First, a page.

This is an exceptionally good non-technical overview of fairness, accountability and transparency in AI. Each issue in turn is systematically disassembled and examined. It is particularly strong on accountability, bringing out clearly that it can only rest on human agency and social and legal context. ‘My algorithm made me do it’ has roughly the same moral and intellectual depth as ‘a big boy made me do it’.
I have one minor, but not unimportant, quibble about the section on fairness. The first item on the suggested checklist is ‘Does the system fit within the company’s ethics?’ That is altogether too narrow a formulation, both in principle and in practice. It’s wrong in practice because there is no particular reason to suppose that a company’s (or any other organisation’s) ethics can be relied on to impose any meaningful standards. But it’s also wrong in principle: the relevant scope of ethical standards is not the producers of an algorithm, but the much larger set of people who use it or have it applied to them.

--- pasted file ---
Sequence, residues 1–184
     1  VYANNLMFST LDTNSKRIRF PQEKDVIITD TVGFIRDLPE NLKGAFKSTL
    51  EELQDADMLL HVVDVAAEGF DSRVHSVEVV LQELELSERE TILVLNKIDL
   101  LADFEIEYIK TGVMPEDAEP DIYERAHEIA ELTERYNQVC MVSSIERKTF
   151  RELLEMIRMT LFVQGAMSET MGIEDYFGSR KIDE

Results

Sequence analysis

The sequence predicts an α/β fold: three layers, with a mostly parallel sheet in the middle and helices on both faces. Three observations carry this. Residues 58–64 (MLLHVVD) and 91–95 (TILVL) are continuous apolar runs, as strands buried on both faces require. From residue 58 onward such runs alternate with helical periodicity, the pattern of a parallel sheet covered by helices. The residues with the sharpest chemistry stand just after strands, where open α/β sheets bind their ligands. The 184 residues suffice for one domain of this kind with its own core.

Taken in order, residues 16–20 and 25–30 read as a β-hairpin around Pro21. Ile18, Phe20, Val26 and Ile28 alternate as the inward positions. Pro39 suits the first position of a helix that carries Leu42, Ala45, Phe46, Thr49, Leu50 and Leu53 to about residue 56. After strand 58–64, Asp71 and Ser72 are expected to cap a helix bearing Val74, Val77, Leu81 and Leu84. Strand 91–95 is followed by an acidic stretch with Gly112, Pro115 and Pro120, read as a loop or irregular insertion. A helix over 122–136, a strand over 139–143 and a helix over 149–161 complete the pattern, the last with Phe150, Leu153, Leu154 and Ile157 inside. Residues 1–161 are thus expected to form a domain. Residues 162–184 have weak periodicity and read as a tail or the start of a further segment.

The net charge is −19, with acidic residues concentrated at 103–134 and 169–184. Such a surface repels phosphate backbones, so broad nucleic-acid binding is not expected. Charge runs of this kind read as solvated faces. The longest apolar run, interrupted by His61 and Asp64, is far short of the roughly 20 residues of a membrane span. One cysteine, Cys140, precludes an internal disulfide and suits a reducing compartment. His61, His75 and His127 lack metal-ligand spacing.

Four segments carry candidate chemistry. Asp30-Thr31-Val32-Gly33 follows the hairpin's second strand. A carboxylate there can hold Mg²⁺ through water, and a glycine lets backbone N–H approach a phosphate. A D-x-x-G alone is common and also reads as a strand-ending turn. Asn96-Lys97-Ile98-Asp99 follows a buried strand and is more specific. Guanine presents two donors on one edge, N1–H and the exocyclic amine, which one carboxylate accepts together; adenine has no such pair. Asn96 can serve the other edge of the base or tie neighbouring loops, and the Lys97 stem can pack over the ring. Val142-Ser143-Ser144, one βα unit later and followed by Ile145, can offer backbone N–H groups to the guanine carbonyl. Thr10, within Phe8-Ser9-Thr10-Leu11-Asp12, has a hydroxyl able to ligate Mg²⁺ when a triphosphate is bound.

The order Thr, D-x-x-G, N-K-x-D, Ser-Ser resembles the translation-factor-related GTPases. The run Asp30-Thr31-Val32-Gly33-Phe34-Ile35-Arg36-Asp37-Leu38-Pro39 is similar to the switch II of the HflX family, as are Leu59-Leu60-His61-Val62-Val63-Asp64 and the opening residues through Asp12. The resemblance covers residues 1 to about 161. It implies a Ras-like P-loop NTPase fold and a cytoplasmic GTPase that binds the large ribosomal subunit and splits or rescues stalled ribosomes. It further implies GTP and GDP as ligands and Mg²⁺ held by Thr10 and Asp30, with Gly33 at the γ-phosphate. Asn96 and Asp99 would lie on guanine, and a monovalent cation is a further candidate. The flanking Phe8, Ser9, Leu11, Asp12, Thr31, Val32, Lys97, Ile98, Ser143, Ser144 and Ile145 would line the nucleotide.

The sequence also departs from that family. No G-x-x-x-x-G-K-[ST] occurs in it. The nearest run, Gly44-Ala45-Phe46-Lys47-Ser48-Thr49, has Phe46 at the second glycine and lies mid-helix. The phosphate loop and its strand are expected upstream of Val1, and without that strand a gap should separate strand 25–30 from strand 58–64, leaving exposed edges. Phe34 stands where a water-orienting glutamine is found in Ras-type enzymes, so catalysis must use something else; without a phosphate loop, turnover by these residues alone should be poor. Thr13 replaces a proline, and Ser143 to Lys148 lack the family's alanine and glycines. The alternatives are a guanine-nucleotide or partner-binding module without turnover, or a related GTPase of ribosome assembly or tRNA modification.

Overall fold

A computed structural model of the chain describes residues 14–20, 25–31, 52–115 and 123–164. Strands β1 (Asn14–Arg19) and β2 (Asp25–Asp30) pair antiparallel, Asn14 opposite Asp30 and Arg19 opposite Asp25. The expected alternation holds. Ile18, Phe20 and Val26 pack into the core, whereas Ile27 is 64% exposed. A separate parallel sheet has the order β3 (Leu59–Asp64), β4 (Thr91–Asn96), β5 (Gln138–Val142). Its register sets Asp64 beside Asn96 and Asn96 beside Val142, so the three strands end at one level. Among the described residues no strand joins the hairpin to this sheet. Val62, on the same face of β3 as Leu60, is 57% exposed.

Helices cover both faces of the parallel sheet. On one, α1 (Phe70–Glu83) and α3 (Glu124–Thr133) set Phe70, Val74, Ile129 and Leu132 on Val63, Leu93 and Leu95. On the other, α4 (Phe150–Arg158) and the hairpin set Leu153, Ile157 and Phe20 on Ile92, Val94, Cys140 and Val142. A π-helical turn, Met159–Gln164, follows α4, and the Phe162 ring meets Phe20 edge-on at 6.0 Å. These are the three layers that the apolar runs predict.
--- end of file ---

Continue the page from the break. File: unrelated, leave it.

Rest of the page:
But that’s a detail. Overall, the combination of clear thinking and practical application makes this well worth reading.